Regular Fish Oil – what’s in it?
‘Regular’ fish oil is sold in most grocery, drug and warehouse stores. They are inexpensive – you can get several hundred pills for $15.
These oils are usually made from Sardines and Anchovies caught in the Pacific ocean, off the coast of Peru and Chile. The data for the chart above is from Sardine oil.
They contain a blend of Omega-3, Omega-6, saturated, monounsaturated and even some natural trans fats. (No, these trans fats have not been shown to be harmful.) These oils also contain some cholesterol.
Since most people use the terms ‘fish oil’ and ‘Omega-3’ interchangeably and take fish oil for its Omega-3 content, it may be surprising to see that only 20-30% of the oil is actually Omega-3.
Now you know what the other 70% is.
Ultra-concentrated Fish Oil
Regular fish oil is the starting raw material used to make concentrated fish oils. Low-Omega-3 oil is concentrated using molecular distillation to provide a product that is mostly Omega-3 and very little of anything else.
The ‘other 70%’ is removed.
In other words, more of what you want and less of what you don’t.
The only downside with concentrated fish oil is that the naturally present Vitamins A and D are removed. With fat/sun-phobia still raging, people have become Vitamin A and D deficient. If you want your fish oil to contain Vitamins A and D, they’re not in regular fish oil either. You’ll need to take unrefined salmon, pollock or cod liver oils.
Fish Oil and Environmental Contamination
Unlike less concentrated oils, ‘pharma grade’ oils have less mercury and PCB contamination.
When IFOS compared fish oils with less than 50% Omega-3 vs fish oil with more than 50% Omega-3 for environmental contamination, both groups passed the test, but they found almost 80% more PCBs in the lower concentration oils.
The lower concentration oils had 3X as much mercury as well. If IFOS had sorted their oils into four groups – 30% Omega-3 oils, 50%, 70% and 85%+, I suspect that they would have found bigger differences between the lowest and highest Omega-3 groups.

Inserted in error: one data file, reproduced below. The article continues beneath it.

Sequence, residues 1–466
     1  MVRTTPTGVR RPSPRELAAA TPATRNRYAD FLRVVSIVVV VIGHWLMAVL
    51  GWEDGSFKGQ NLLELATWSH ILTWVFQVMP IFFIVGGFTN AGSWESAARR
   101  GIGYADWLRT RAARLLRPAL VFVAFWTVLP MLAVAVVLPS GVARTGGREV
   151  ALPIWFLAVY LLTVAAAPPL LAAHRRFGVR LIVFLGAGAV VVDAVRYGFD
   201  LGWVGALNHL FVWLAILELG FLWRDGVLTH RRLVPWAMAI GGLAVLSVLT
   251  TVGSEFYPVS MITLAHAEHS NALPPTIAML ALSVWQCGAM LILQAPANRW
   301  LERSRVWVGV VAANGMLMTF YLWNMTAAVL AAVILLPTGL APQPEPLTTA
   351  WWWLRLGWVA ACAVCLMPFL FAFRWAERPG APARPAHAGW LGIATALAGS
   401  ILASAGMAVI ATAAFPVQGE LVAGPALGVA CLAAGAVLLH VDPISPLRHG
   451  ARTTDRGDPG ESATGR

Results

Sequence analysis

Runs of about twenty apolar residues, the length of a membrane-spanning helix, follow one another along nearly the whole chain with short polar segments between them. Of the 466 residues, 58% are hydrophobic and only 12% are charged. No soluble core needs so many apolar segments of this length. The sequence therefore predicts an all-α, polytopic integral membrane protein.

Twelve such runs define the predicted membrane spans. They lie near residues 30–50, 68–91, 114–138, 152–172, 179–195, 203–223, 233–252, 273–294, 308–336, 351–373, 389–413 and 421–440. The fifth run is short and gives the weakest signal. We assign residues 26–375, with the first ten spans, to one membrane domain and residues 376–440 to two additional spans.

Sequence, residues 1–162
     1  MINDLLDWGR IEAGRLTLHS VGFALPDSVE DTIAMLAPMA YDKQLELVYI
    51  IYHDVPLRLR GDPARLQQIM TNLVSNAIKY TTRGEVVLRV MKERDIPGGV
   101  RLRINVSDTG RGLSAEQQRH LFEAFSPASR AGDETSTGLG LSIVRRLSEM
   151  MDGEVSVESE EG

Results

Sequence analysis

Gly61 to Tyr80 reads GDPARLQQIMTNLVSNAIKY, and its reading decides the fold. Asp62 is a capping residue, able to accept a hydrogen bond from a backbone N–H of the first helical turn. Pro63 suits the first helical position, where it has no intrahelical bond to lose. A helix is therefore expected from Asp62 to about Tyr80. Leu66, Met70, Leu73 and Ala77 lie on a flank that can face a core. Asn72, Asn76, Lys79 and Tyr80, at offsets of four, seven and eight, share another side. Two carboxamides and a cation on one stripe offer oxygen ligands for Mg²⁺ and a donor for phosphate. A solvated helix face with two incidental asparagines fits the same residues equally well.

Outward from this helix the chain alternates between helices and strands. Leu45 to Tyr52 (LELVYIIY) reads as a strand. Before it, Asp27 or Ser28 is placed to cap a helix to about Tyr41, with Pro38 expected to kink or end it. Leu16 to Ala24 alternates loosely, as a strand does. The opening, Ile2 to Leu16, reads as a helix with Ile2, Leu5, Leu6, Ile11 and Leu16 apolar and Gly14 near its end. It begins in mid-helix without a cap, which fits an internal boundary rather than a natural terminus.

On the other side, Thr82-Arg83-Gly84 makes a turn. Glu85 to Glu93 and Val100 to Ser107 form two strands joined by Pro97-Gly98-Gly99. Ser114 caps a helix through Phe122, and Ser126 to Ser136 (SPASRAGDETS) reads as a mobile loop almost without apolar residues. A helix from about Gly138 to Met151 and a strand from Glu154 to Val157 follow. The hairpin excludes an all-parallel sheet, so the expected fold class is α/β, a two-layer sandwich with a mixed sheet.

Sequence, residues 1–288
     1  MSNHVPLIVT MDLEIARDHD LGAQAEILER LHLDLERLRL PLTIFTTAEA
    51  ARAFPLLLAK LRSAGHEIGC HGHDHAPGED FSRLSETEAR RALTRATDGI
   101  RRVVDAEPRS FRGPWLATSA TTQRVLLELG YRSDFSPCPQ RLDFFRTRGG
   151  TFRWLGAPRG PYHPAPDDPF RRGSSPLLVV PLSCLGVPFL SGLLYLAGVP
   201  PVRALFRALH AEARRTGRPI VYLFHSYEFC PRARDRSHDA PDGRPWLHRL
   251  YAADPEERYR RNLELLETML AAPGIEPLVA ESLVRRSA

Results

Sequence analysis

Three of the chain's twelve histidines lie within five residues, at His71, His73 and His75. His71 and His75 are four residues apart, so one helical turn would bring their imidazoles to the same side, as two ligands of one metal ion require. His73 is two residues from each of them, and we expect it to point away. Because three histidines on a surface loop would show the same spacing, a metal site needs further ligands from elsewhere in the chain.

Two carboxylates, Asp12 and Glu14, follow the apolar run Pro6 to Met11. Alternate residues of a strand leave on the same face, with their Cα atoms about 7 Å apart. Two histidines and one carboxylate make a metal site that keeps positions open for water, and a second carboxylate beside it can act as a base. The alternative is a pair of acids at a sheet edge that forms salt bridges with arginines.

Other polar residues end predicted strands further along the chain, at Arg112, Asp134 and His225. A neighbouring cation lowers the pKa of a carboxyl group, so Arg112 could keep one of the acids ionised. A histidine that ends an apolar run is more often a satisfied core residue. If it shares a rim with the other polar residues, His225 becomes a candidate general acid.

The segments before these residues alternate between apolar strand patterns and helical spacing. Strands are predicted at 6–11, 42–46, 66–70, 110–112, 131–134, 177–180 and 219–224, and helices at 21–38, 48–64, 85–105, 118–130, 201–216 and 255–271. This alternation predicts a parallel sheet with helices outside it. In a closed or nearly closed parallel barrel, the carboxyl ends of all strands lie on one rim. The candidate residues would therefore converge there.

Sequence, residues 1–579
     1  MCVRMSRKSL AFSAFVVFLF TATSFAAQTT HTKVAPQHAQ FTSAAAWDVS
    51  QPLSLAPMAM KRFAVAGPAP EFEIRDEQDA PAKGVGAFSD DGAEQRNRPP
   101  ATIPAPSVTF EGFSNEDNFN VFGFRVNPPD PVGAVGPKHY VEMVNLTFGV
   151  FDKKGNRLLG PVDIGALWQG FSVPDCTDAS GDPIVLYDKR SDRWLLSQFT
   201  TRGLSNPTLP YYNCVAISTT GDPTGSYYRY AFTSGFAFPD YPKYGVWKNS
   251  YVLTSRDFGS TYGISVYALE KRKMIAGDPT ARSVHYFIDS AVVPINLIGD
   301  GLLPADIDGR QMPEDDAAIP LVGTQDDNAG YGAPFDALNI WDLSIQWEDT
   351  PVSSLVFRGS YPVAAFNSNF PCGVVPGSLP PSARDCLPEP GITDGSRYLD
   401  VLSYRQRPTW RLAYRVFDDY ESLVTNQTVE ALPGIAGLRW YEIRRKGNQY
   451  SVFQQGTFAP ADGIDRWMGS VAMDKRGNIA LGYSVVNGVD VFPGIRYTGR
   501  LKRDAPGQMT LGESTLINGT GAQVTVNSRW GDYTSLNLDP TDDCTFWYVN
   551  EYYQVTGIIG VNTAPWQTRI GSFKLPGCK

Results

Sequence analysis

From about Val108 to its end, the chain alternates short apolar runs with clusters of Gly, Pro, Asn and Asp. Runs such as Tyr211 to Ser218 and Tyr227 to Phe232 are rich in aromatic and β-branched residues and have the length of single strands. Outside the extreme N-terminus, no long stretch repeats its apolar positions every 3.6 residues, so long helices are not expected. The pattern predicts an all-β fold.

The term ‘Pharmaceutical Grade’ does not have an official FDA definition. It was coined by Dr. Barry Sears of Zone Diet fame 20 years ago. It used to mean that the oil had 50 or 60% Omega-3, which was a lot back in the 90s. Nowadays, it’s used to refer to oils that are about 85% Omega-3 or higher.
The data for the charts above and the table below is from an analysis of a recent lot of OmegaVia (Lot# UC130542) tested at IFOS.
|Regular Fish Oil||Ultra-concentrated|
Fish Oil (OmegaVia)
These numbers will vary slightly from year to year, between products and types of fish.
- Sardine and Anchovy have very high levels of Omega-3 with a 3:2 ratio of EPA and DHA.
- Salmon oil tends to be a little lower in Omega-3. Salmon oil is made from ‘offal’ or parts of the fish that’s not a filet. The muscle meat of filets is not where most of the Omega-3 are stored.
- Tuna oil is high in DHA and is usually made from Tuna eyes. Eyes are full of DHA. Our ancestors were onto something with their fish head and eye ball soups.
- Pollock and Whiting oil often have a 2:1 ratio of EPA and DHA. These Alaskan fish are processed similar to Salmon.
Detailed fatty acid profile comparison:
|Regular Fish Oil||Ultra-concentrated Fish Oil (OmegaVia)|
|Omega-3 Fatty Acids|
|Omega-6 Fatty Acids|
|Natural Trans Fatty Acids|
|Monounsaturatred Fatty Acids|
|Saturated Fatty Acids & Cholesterol|
Do you take concentrated fish oil?
Do you think it’s worth the added cost?
Let us know in the comments section.
*These statements have not been evaluated by the Food and Drug Administration. This product is not intended to diagnose, treat, cure, or prevent any disease.